I noticed the change around the start of "Book Four: The Wild Wood," though I'm sure it started a little before that. Gradually things started to happen that seemed to matter. Whereas the beginning of the book seems most concerned with the reader's understanding of a bizarrely complex architecture and genealogy [I kept returning to Grady Tripp in Wonder Boys, who writes 1000s of pages of a never ending novel and, for one chapter, writes only of the bloodlines of horses], the center of the book is a story of love and loss, which is simultaneously the same story you've read/experienced before, but with a special newness. There are many other stories interwoven, but for me this was the most important story, in fact, really the only story I cared about it.

And, while it's still excruciating and oblique at times, once the the machinery was set in motion the book moved much faster, and I even came to understand that without those first 200+ pages I would not have had the necessary pieces and momentum for book to ever reach a satisfying conclusion.

When I was a little boy I used to go across the street to where my 2nd grade teacher, Ms. Heemstra, lived with her cat, Radar. She and her cat were both very tolerant of the curiosity of little boys, they even encouraged it. Whenever I went I asked her to show me her cuckoo clock. She would dutifully wind it so that after a minute's wait the bird would pop out. I was very excited, while Radar was disinterested. Over time I came to have an understanding of how the clock worked. I realized that it was "clockwork," some intricate machinery, and not magic which propelled the bird forward for my amusement. But to me it was as good as magic. The older you become, the more you learn, the more things lose this sort of magic. But of course at the same time, other things gain it.

As I read this book I was continuously torn by two conflicting impulses: the desire for more magic and the desire for magic-less clarity. In a lesser a book I'd say this is a major flaw, but I think this conflict forms the heart of, and maybe genius, of Little, Big. In the presence of one, we want the other, but in fact in order for our stories to matter they need to marry both, and I think this book accomplishes this feat.

However, as with Ms. Heemstra's cuckoo-clock I tend to prefer smaller machinery, and I can certainly think of stories (for instance: "Vanishing Acts," by Kelly Link) that make me aware of the same things without requiring over 200 pages of winding.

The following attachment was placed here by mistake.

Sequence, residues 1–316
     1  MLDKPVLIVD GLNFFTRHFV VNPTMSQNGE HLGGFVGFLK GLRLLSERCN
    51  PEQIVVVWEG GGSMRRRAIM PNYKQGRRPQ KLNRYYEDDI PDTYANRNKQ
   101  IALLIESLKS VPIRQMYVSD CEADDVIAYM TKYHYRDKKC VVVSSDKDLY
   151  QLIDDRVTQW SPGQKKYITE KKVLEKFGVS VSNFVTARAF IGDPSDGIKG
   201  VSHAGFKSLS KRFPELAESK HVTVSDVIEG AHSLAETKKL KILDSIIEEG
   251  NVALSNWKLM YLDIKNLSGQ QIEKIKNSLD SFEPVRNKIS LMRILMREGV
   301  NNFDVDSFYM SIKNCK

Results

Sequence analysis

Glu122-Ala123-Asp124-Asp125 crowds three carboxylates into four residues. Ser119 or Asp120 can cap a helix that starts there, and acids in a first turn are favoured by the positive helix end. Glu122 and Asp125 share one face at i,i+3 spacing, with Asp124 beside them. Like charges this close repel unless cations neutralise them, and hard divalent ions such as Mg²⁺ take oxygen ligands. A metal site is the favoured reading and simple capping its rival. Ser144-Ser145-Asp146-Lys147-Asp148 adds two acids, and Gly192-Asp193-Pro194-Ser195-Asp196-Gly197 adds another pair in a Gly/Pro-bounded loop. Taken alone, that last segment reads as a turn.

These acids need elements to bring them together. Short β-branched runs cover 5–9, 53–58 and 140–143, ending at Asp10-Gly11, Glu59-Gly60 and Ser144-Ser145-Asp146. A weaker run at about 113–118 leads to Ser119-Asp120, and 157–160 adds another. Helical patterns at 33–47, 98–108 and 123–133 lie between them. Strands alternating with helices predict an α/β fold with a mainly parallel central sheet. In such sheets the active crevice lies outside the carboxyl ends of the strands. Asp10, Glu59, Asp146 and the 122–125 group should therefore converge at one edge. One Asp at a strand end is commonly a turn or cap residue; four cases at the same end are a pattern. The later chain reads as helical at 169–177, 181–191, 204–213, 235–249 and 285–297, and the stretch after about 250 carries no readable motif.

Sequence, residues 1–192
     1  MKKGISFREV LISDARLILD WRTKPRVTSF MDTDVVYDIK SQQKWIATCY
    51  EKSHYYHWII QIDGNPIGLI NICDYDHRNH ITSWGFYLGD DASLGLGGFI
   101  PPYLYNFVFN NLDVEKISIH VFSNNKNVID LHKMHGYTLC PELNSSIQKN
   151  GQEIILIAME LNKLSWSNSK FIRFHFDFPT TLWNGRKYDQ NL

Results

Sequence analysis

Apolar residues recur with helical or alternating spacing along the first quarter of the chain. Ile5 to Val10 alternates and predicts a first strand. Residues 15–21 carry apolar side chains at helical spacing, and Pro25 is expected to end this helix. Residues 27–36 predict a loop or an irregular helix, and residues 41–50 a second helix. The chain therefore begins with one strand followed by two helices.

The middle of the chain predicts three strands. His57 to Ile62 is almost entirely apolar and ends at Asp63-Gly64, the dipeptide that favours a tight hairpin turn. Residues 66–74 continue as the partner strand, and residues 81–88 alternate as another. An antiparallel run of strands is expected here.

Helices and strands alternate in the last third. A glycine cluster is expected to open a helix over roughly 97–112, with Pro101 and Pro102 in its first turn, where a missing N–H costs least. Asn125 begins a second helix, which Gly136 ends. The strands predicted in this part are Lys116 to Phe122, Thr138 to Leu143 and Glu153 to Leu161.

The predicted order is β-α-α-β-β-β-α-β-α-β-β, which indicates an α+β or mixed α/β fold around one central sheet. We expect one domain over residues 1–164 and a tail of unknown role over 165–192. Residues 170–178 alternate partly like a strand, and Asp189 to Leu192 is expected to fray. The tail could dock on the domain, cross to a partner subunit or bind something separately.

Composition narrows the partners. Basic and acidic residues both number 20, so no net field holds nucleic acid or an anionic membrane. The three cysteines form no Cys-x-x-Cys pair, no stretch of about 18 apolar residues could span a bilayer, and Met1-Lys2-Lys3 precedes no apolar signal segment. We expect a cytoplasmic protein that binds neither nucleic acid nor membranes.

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Scrabble Mania - part I


Dash: 119, Ori: 212, Gage: 224.

Gage was in it to win it, making double digit point plays on all but one turn. Ori had the highest single play of the game with La/Fax/Ore/Axed for 55 points, however, when Rick played clean/it, he opened up the triple word score to Gage, who was "ice" cold on the way to his win.

Game 2.

The Jew a.k.a. Gage Norris: 222, Dr. King a.k.a. Frederick Dashiell: 114, The Laser a.k.a. Ori Fienberg: 242. The Jew put everyone in check when he played Queen for 48 points, but The Laser made it mate with Vibe/Cape.


Freaknizzle a.k.a. Rick, Razor a.k.a. Ori, Sonic a.k.a. Damian.

Sadly, Freaknizzle had to bow out after his seventh play, doom. Sonic fought valiantly, but a combination of bad letters, and perhaps some anxiety about his impending (hopefully not doom) Math final exam kept him from really getting the ball rolling. The Razor took it with a score of 274 to 111.

Stay Tune For More Highly Competitive Scrabble Match Ups As The Foundation Year Writing Workshops Wind Down For The Year!

Friday, December 3, 2010

An Elegant Dinner

Pan-seared Calves Liver and Fig Balsamic Caramelized Onions, Shiitake Mushroom and Meyer Lemon Carolina Brown Rice, with Lightly Earl Gray Scented Green Beans.

Then: Hershey Kisses Filled with Caramel. Someday I'll learn how to make dessert.